After a casual encounter, a brokenhearted woman decides to confront her life and the most important events about her stranded daughter.

Director: Pedro Almodóvar
Writers: Pedro Almodóvar, Alice Munro (short stories)
Stars: Michelle Jenner, Rossy de Palma, Adriana Ugarte

Subtitled in English


Adapted from three short stories by Alice Munro, Julieta by Pedro Almodóvar premieres in the UK. In the director’s words, this piece is a departure in style from his other 19 films, and is “about family relationships, doom, guilt complexes, silences of those who love each other, and sex to escape death…”

The film follows Julieta (Emma Suárez), who has lost her daughter for 12 years, not knowing why she left. Through flashbacks and flash forwards we gradually discover the details of her life. Maintaining mystery, with a few misleading clues, the truth is never divulged until the end.

Sensual, powerful, often ominous creative elements enhance an atmosphere combining passion, melancholy, despair and hope. The filmmaker uses deep, pulsing piano and symphonic music, and an often intense soundtrack and visuals, such as massive swirling clouds, raging sea, or the magnificent Spanish landscapes. A highly romantic film, Julieta also maintains a strong aura of tension and suspense along with powerful symbolism, sometimes bordering on the surreal: a male deer runs alongside a train as if trying to outrun it, looking up at the window – a metaphor for chasing time, outrunning death? Julieta’s response to her lover-to-be, Xoan (Daniel Grao), is “He smells a female in the air”, echoing the juxtaposition of sex and death, which both occur here.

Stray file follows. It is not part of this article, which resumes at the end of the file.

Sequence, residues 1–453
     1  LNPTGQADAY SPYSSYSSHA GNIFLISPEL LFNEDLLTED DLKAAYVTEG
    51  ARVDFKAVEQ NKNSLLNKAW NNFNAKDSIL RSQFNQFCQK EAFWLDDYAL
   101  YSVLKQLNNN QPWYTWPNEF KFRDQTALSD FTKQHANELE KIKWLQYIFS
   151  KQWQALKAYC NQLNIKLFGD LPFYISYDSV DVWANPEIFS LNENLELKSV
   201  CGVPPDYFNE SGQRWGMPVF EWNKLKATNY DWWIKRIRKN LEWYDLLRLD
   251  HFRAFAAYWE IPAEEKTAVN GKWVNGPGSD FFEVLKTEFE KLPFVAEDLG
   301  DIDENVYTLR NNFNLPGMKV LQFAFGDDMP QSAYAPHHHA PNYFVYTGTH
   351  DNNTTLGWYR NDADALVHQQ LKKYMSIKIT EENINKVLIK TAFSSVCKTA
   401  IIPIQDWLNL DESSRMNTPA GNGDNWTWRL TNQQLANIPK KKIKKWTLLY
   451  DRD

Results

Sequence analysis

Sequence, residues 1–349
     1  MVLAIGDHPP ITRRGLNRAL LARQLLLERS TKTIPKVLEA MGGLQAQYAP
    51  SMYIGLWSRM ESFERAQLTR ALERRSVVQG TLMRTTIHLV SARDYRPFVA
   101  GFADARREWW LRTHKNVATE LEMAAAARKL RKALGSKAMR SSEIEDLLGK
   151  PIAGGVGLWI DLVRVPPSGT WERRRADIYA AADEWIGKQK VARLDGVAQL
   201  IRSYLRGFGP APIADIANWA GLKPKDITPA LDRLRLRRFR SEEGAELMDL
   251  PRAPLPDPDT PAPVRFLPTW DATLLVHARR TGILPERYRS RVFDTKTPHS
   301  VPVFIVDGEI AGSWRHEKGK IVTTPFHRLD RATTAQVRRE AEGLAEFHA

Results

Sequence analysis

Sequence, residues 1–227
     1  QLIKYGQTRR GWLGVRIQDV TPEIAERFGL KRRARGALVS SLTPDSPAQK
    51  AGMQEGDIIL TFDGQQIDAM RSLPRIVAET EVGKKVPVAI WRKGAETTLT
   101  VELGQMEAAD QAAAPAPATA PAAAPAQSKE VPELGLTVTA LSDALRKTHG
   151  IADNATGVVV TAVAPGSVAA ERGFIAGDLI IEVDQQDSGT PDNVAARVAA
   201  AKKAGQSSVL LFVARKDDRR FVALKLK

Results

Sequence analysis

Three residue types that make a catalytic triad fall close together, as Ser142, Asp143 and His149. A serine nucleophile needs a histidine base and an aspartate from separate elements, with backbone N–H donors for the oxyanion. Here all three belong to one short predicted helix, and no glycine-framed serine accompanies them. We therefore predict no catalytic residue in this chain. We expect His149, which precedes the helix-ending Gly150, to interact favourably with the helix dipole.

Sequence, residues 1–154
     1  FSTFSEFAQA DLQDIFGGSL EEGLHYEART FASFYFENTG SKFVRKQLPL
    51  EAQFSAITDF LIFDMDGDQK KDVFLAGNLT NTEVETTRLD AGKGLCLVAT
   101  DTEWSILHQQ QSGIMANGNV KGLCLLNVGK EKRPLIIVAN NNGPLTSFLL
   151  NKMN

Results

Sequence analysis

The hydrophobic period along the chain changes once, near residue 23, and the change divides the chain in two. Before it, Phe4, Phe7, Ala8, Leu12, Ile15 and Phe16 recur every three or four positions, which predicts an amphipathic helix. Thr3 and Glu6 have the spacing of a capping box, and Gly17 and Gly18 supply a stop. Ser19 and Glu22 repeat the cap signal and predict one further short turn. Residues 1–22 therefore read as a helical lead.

A strong Hitchcockian influence is evident throughout: from the young Julieta’s (Adriana Ugarte) resemblance (in appearance and mood) to Hitchcock’s blondes in Marnie, The Birds, and Psycho, to techniques including his emphasis on the visual (showing rather than telling), the use of ominous music, symbolic visuals, tightly edited shots and close-ups of actors and props. In Julieta, zoom shots of eggs frying in a pan are perhaps an affectionate parody thereof. Location choices also invoke Hitchcock: the train scene is classic with themes of sexuality, mortality, grief and guilt. Martin Scorsese’s work is clearly another inspiration, part of the soundtrack distinctly evoking Taxi Driver.

Possibly questionable are both the sudden transition in one scene of Julieta’s character from one actress to another and a slightly abrupt ending. However, the first might be interpreted as the character’s rapid metamorphosis from optimism to despair, and the latter as representing life’s uncertainties.

As a whole, Julieta is remarkable. All the actors are excellent and the direction and filmmaking are superb. This is an intriguing, fascinating work.